President Emmanuel Macron's government on Monday promised to renew politics in France as final official results showed he had won the commanding parliamentary majority he wanted to push through his far-reaching pro-growth reforms.
Macron's centrist Republic on the Move (LREM) party and its centre-right Modem ally won 350 seats out of 577 in the lower house, the results showed after a vote that saw a record low turnout for a parliamentary poll in the postwar Fifth Republic.
Government spokesman Christophe Castaner said the high abstention rate ─ more than 50 per cent of voters stayed at home ─ was a failure for the political class and highlighted the need to change politics in France.
“The real victory wasn't last night, it will be in five years time when we have really changed things,” Castaner told RTL radio.
Though lower than forecast by pollsters in the run-up to the vote, Macron's majority swept aside France's main traditional parties, humiliating the Socialist and conservative The Republicans party that alternated in power for decades.
“Victory for the Centre” read the headline of the left-leaning Liberation newspaper. Financial paper Les Echos' banner read “The Successful Gamble”.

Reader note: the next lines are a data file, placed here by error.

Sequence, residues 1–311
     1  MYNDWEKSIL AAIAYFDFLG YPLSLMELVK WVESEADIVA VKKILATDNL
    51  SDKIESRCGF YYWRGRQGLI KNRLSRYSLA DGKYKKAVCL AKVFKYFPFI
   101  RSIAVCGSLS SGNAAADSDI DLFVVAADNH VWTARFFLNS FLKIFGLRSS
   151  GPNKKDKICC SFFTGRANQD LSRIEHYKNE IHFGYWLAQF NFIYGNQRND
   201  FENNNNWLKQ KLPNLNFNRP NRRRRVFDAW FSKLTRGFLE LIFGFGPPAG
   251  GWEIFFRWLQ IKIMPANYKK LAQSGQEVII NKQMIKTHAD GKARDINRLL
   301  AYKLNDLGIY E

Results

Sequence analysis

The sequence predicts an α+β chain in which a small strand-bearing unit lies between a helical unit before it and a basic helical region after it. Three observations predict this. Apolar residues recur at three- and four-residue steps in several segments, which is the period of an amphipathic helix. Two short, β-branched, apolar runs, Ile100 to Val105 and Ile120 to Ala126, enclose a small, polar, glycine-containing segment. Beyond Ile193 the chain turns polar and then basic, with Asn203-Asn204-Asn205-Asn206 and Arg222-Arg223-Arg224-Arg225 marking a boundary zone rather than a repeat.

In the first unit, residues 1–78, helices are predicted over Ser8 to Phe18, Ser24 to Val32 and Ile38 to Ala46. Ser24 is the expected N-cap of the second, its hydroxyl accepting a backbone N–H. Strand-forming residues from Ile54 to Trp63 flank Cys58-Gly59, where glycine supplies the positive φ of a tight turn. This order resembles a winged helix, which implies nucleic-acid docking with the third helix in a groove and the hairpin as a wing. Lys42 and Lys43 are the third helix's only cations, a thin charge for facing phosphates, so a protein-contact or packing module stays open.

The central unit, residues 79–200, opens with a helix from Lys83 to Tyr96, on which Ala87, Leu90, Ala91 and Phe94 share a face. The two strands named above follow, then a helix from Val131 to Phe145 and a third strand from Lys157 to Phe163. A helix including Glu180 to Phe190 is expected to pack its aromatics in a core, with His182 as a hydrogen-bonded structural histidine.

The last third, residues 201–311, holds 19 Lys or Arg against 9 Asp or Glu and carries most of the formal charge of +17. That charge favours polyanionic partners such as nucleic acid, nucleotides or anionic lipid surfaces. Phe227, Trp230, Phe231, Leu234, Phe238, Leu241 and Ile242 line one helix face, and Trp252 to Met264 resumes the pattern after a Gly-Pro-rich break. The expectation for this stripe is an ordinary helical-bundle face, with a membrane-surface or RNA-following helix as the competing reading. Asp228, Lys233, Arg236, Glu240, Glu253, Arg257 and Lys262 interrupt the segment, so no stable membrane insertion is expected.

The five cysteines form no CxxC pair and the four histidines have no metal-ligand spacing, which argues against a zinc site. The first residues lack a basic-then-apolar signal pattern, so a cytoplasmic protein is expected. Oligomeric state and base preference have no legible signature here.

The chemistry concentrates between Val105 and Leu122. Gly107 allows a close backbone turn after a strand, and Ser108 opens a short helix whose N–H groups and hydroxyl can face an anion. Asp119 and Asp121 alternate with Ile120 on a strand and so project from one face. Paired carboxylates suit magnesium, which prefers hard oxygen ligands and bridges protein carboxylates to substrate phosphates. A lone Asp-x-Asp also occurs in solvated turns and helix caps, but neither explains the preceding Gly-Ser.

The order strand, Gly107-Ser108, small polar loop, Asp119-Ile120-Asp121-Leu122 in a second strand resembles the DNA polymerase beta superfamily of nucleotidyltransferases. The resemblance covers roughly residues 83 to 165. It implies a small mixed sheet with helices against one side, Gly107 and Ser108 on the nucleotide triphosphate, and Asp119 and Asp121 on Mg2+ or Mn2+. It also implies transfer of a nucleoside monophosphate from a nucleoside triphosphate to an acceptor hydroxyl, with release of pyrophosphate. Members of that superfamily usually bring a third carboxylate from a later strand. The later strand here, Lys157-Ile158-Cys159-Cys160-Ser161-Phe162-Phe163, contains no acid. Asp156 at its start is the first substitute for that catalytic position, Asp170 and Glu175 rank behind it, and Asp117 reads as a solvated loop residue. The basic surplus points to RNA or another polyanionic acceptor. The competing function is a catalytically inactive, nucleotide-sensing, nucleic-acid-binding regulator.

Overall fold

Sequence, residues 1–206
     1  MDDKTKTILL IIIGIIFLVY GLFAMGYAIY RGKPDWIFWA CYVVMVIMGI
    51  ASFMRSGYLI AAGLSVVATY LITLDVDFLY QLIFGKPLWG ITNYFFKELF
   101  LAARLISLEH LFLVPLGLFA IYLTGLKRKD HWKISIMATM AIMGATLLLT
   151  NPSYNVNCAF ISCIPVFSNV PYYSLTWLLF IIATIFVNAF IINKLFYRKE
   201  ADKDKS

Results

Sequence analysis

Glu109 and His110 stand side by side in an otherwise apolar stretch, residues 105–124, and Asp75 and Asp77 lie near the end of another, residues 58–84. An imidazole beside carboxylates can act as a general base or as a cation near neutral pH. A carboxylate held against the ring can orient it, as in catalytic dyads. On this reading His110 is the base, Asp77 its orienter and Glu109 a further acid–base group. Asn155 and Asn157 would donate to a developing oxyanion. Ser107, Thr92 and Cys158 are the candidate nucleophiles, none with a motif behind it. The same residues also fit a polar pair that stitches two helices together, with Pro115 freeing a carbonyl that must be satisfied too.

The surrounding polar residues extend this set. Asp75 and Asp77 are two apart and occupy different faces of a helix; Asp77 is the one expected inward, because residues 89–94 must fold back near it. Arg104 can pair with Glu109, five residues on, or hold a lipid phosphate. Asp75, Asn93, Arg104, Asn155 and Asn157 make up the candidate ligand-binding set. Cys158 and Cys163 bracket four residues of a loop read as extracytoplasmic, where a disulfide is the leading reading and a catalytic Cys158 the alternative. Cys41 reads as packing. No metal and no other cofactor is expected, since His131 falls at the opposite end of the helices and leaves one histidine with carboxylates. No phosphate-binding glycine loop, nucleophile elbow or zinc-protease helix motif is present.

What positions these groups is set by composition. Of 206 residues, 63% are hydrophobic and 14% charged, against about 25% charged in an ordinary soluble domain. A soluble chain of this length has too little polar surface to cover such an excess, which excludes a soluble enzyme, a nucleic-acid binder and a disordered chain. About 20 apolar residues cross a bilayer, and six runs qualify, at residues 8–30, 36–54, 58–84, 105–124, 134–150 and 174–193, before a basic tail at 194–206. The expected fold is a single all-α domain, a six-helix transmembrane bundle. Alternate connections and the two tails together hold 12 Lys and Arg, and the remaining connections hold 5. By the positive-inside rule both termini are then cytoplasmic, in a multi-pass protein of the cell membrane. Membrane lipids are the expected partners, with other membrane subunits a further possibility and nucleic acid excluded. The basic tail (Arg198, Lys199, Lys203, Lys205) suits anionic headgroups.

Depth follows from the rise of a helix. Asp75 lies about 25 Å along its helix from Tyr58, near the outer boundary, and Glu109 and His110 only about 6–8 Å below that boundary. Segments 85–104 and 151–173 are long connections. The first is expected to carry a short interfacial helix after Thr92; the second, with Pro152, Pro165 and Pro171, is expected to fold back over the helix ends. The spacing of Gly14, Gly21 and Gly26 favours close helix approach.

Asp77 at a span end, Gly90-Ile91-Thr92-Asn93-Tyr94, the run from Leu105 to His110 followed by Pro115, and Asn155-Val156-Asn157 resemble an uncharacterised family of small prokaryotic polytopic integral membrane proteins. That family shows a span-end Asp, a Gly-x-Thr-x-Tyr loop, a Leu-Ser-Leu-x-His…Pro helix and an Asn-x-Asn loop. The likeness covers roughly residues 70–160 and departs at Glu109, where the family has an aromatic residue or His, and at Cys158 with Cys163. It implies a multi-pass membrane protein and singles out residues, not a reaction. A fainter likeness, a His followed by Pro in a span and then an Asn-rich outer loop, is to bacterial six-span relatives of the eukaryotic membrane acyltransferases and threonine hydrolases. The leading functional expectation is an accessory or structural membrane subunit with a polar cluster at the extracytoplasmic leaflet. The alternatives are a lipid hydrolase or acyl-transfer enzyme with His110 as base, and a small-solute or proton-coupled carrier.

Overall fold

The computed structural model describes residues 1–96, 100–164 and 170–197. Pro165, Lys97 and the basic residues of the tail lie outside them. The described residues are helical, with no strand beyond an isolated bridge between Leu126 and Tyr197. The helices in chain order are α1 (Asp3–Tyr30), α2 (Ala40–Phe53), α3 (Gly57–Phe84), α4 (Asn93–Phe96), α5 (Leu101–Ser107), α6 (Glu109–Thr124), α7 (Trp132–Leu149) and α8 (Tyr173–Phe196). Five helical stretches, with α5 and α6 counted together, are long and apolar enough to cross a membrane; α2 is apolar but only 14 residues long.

Castaner said Prime Minister Edouard Philippe and his government would resign later in the day and a new cabinet formed in the coming days. He said he believed Philippe would be reappointed premier.
Sunday's high abstention rate underlines that Macron will have to tread carefully with reforms in a country with muscular trade unions and a history of street protests that have forced many a past government to dilute new legislation.
Macron's twin victories in last month's presidential election and in Sunday's parliamentary vote marks the routing of the old political class.
Macron, France's youngest leader since Napoleon who had never before held elected office, seized on the growing resentment towards a political elite perceived as out of touch, and on public frustration at its failure to create jobs and spur stronger growth, to win the presidency.
His year-old party then filled the political space created by the disarray within the Socialist Party and the Republicans, with Sunday night capping a sequence of events that a year ago looked improbable.
“The collapse of the Socialist Party is beyond doubt. The president of the Republic has all the powers,” Jean-Christophe Cambadelis said late on Sunday after announcing he would step down as Socialist Party chief.
The election saw a record number of women voted into parliament, due largely to Macron's decision to field a gender-balanced candidate list.